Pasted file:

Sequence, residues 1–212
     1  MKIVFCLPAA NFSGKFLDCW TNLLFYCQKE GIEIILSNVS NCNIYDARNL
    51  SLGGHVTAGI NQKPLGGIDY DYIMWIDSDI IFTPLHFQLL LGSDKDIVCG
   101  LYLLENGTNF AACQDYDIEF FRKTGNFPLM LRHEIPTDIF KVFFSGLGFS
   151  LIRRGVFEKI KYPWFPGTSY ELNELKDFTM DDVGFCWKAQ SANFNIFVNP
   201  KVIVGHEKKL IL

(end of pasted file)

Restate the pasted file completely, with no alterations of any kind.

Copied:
Sequence, residues 1–212
     1  MKIVFCLPAA NFSGKFLDCW TNLLFYCQKE GIEIILSNVS NCNIYDARNL
    51  SLGGHVTAGI NQKPLGGIDY DYIMWIDSDI IFTPLHFQLL LGSDKDIVCG
   101  LYLLENGTNF AACQDYDIEF FRKTGNFPLM LRHEIPTDIF KVFFSGLGFS
   151  LIRRGVFEKI KYPWFPGTSY ELNELKDFTM DDVGFCWKAQ SANFNIFVNP
   201  KVIVGHEKKL IL